“My hope and my long term plan is to tour extensively and never let my feet touch the ground,” Jehsea Wells tells me of his grit-rock three-piece, Welles, who dropped their debut EP today under C3 Records. I think he’s got pretty good odds.
Wells, who recently made the move from Ozark, AR to Nashville, TN, is the mastermind behind Welles, writing songs that tear up your throat almost as much as they tear up your heart. He records all the vocals and instrumentals on demos in his room before taking them to the studio to lay down with session musicians.
The 23-year-old got hooked on great music at a young age (around the age when I was still only interested in boy bands whose posters I could kiss before bedtime). He received a cassette tape of Sgt. Pepper’s Lonely Hearts Club Band from his grandfather when he was in the second grade, and he listened to it nonstop.
“From there, I wanted to play guitar, but I didn’t know that you had to put your fingers on the frets to make the different noises—I thought The Beatles were just moving their tuning pegs really quickly,” Wells laughs. “So I broke a lot of strings. I was a real dumbass. But when I was about 12, there’s an old neighbor of mine who lived down the street, and he had me over to his trailer, and he tuned my guitar for the first time, and I got to see him put his fingers down on the frets to change the notes and stuff, and he taught me ‘Camptown Races,’ and I was like, ‘oh shit this is great.'”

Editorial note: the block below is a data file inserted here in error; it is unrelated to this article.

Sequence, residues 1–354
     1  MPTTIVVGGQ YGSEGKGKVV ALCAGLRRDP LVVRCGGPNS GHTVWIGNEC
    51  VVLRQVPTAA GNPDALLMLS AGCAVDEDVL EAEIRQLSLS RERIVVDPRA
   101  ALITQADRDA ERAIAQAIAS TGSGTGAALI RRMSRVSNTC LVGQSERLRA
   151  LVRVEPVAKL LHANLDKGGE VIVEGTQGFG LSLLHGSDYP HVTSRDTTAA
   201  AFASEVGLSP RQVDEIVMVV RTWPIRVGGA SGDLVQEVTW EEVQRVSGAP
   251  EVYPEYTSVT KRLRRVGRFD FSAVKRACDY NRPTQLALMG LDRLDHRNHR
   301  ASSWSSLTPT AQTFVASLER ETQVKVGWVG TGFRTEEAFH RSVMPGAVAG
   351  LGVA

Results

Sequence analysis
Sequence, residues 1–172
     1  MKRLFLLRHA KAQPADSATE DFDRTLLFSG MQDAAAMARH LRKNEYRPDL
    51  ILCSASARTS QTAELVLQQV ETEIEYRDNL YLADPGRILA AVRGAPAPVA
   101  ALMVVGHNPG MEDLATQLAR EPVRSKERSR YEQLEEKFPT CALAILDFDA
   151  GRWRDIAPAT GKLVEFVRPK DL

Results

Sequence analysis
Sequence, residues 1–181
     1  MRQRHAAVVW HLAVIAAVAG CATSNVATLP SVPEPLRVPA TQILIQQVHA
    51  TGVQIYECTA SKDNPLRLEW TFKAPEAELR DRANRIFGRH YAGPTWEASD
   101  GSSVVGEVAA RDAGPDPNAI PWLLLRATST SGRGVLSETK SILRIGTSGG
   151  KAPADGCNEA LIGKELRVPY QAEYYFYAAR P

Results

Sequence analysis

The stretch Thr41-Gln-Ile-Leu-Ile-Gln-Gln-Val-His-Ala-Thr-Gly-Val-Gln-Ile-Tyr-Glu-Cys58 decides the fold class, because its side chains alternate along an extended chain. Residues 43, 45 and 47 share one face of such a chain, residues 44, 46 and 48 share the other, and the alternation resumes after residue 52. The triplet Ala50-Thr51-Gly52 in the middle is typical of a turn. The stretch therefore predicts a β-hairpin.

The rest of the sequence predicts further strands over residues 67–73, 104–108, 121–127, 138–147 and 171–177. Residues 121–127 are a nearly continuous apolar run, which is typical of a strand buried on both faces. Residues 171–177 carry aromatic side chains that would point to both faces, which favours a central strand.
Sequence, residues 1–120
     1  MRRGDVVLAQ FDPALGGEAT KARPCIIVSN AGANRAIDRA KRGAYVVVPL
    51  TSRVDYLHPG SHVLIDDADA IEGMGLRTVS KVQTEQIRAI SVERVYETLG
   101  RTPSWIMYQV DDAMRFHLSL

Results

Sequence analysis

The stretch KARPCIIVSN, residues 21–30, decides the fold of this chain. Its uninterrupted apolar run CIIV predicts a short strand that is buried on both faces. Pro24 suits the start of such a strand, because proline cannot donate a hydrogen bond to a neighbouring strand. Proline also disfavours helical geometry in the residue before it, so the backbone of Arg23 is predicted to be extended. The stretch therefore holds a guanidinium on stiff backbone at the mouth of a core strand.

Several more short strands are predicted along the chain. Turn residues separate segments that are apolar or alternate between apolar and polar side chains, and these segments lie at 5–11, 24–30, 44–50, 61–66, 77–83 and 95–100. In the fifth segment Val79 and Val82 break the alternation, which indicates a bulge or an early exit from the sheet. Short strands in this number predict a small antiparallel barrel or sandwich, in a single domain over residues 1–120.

Now constantly writing, Wells keeps a notebook with him at all times and fills it with poems. He experiments with different rhythms, sometimes writing in quatrain, sometimes iambic pentameter, other times freeverse. Separately, he’ll craft a full song and then look to his notebook to fill in the lyrics. As another method, Wells also enjoys reworking and disassembling some of his favorite tracks.
“My favorite thing really for writing is to find a song that I really like, say like ‘Pale Blue Eyes’ by Velvet Underground,” he says. “And so you just take that rhythm of it, and you just fill in your own lyrics. I write my own ‘Pale Blue Eyes’ and let it sit for a long time until I forget how that song even goes. And then I pick up the guitar and take my own stab at it.”
The key to his process? Never overthinking a song he’s working on.
“I just never stop. It’s just a constant stream of consciousness, and then whatever’s good shines through, and we record and release,” Wells explains. “I don’t much have the patience to sit with a song for more than two hours. Because at that point, you’re just forcing it. Once it’s forced, too many other thoughts come at you. You’re just running with an egg in a spoon. And it’s a very short race, but you just wanna get that egg there without breaking it open. Because once it cracks, there’s absolutely no putting your song back together; there’s too many thoughts in it. You thought about it too much. You’re worried, ‘aw shit, this is a Lou Reed tune. Oh no.’ Don’t think stuff like that.”
Check out the EP below, and then see what Wells has to say in his track-by-track breakdown below.
“Life Like Mine”